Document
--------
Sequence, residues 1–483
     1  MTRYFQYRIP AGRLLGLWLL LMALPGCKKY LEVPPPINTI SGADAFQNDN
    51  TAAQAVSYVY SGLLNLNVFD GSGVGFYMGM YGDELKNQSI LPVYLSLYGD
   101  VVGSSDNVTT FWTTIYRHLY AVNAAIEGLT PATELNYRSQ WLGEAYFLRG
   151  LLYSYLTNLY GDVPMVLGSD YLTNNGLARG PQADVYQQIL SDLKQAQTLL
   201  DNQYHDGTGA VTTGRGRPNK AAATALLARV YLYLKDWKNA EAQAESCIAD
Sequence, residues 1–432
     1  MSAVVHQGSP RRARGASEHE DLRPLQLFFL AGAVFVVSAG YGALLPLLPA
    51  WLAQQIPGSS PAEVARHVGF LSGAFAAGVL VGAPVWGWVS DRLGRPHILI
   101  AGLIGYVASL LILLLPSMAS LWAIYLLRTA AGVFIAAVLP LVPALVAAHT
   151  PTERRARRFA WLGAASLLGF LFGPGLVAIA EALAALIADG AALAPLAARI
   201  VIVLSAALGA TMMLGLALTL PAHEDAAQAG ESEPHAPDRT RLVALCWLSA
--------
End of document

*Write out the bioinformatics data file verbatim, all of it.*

Sequence, residues 1–483
     1  MTRYFQYRIP AGRLLGLWLL LMALPGCKKY LEVPPPINTI SGADAFQNDN
    51  TAAQAVSYVY SGLLNLNVFD GSGVGFYMGM YGDELKNQSI LPVYLSLYGD
   101  VVGSSDNVTT FWTTIYRHLY AVNAAIEGLT PATELNYRSQ WLGEAYFLRG
   151  LLYSYLTNLY GDVPMVLGSD YLTNNGLARG PQADVYQQIL SDLKQAQTLL
   201  DNQYHDGTGA VTTGRGRPNK AAATALLARV YLYLKDWKNA EAQAESCIAD
Sequence, residues 1–432
     1  MSAVVHQGSP RRARGASEHE DLRPLQLFFL AGAVFVVSAG YGALLPLLPA
    51  WLAQQIPGSS PAEVARHVGF LSGAFAAGVL VGAPVWGWVS DRLGRPHILI
   101  AGLIGYVASL LILLLPSMAS LWAIYLLRTA AGVFIAAVLP LVPALVAAHT
   151  PTERRARRFA WLGAASLLGF LFGPGLVAIA EALAALIADG AALAPLAARI
   201  VIVLSAALGA TMMLGLALTL PAHEDAAQAG ESEPHAPDRT RLVALCWLSA